Ethical hacking: Penetration Testing Overview of Methodologies Utilized

Digital program code with a earth globe background This is a photoshop edited image. Some components of this montage are provided courtesy of NASA, and have been found at

Penetration testing deals with legitimate attacks on a computer system so as to assess the level of security the system has. Here, vulnerabilities are identified in the form of: known vulnerabilities, backdoors, loopholes, probability of unauthorized access, or perhaps a vulnerability that has to yet been publicly disclosed (Zero day). Curious about how to pen test a system? A quick overview of such methodologies  may help you out:

Reconnaissance: You have to know what you are dealing with, if you are pen testing a particular institution, gather as much information as possible. What kind of clients do they receive? How security-savvy is the target/employees? Any available open ports? What operating systems do the company use? What authentication methods does the login page on the website go through? On what kind of database management system is data stored? Public records can be used as can social networking sites for information gathering. Nmap can also be a fantastic network reconnaissance tool.

Finding vulnerabilities: Once you know more about the target individual or company at hand, it’s time to find vulnerabilities. There may be some improperly configured firewall that perhaps exposes some ports it shouldn’t. Maybe the database is vulnerable to SQL injection due to un-sanitized user inputs. An insecure website maybe susceptible to session hijacking. Various vulnerabilities exist, depending on the system at hand. It may involve data storage, connectivity or networks, authentication and authorization methods. Finding all possible weaknesses is one of the most important steps.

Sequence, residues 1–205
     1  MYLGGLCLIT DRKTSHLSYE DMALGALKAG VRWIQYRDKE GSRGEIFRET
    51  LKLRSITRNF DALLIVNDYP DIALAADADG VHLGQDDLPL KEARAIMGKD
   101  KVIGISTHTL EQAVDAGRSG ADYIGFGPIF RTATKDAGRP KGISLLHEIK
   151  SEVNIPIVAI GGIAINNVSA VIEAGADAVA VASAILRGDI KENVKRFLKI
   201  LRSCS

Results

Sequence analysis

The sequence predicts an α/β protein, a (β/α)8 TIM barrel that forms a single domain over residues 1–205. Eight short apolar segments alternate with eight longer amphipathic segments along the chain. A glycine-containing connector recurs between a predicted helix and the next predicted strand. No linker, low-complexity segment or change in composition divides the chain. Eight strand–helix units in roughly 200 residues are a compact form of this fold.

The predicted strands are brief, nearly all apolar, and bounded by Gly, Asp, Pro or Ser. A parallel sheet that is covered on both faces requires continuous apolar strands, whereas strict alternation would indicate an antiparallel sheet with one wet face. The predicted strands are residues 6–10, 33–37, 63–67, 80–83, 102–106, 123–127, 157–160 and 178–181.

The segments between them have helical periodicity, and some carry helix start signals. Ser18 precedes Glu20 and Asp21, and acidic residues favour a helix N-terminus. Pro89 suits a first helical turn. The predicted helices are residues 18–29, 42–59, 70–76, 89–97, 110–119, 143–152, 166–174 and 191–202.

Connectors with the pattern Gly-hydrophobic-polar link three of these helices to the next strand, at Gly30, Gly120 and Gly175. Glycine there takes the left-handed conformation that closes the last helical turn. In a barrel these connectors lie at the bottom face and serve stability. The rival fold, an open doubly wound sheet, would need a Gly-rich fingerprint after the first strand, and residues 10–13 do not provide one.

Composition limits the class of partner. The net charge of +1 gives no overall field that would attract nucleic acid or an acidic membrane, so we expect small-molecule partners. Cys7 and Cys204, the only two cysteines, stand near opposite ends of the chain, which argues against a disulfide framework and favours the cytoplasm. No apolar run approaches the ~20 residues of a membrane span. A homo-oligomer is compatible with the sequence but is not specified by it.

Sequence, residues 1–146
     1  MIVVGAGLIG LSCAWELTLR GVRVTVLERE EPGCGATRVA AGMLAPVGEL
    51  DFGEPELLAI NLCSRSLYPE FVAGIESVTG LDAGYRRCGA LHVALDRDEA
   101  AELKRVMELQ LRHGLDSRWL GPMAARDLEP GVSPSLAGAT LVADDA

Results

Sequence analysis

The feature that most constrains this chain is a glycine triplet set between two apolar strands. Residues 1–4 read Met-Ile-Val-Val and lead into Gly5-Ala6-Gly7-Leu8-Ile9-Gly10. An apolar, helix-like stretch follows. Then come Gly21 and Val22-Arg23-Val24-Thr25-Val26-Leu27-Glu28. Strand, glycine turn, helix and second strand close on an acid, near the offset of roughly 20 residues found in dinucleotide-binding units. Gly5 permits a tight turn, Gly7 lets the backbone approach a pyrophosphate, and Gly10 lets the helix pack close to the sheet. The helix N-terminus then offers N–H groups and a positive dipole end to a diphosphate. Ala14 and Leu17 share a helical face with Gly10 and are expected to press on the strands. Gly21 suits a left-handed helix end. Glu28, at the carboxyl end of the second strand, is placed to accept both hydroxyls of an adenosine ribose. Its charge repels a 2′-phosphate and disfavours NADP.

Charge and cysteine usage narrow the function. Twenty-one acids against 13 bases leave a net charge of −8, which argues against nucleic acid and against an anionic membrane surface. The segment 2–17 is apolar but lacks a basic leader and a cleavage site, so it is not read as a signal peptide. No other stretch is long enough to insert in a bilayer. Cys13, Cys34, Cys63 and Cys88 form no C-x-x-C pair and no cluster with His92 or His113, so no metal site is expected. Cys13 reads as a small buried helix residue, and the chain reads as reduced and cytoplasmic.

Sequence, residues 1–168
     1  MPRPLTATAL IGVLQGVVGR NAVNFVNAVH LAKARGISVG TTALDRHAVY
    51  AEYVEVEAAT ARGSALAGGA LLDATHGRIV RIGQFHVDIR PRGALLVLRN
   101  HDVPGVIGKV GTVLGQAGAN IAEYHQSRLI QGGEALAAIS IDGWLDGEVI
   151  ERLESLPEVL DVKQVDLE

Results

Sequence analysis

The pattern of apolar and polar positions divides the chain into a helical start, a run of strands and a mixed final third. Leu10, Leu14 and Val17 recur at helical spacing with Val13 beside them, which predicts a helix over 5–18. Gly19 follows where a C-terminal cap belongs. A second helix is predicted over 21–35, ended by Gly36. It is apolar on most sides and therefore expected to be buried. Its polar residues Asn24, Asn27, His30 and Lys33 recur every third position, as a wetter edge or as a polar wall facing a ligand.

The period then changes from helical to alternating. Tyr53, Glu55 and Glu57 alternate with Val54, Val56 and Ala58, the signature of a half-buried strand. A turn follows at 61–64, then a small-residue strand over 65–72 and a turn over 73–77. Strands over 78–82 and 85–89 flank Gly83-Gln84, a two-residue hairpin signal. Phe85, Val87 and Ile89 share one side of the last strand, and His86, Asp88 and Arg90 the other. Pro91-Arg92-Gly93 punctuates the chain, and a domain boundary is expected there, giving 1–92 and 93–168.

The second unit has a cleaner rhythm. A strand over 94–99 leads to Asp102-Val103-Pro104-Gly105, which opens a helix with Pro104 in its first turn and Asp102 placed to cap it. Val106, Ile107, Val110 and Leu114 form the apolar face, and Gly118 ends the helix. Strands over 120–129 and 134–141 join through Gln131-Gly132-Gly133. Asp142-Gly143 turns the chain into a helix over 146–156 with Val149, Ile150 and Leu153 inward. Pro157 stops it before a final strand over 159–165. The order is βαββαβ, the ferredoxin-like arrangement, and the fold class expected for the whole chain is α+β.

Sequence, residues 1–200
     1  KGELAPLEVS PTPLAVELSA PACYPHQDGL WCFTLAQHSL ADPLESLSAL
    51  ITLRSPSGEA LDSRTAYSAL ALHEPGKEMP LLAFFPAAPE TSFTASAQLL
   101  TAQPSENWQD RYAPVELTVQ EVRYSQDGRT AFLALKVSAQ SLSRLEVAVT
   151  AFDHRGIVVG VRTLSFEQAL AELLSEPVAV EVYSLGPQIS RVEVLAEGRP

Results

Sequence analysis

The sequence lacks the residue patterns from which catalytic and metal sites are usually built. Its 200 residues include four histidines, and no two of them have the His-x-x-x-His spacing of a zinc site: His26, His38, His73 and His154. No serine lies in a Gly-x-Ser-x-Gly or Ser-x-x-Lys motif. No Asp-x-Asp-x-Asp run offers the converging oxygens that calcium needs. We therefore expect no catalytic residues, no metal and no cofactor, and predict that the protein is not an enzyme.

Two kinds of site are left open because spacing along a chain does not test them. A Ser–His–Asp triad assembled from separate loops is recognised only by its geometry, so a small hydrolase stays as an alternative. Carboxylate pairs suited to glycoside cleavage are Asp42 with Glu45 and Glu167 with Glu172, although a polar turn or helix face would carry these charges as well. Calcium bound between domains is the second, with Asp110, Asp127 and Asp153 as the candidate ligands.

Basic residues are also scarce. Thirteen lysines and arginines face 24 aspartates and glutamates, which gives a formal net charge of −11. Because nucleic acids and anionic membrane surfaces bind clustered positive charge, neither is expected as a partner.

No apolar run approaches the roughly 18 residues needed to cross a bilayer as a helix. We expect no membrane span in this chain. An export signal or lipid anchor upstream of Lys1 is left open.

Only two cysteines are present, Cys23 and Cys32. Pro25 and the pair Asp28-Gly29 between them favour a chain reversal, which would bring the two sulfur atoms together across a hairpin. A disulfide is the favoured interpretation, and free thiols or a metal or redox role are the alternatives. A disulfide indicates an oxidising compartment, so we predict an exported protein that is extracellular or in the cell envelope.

Creating the attack: Now that you know the weaknesses, how exactly can said weaknesses be exploited? Using password brute-forcing?, through Man in the Middle attacks?, By utilizing social engineering skills against an employee? Use tools to craft a suitable attack or create your own tools.

Delivering the attack: The ideal delivery method can determine whether or not an attack will fail. How likely would it be to gain a reverse shell from social engineering? Here, reconnaissance comes in; having inside knowledge on the company and its employees would be beneficial. Data-mining malware and phishing scams can be delivered through email. A payload can be directly delivered into a computer should the system be unpatched and vulnerable to a remote code execution vulnerability. Think like a hacker and consider all the possible ways someone is likely to exploit a system. A few tools like Metasploit, Netsparker, SQLMap and BeEF are useful for exploiting vulnerabilities.

Reporting: Whether or not the attack was successful, you’re going to have to report back to the client. Highlight all your discoveries and suggest possible solutions and mitigations. Install security measures if necessary, patch all vulnerabilities, and educate employees on security if required.

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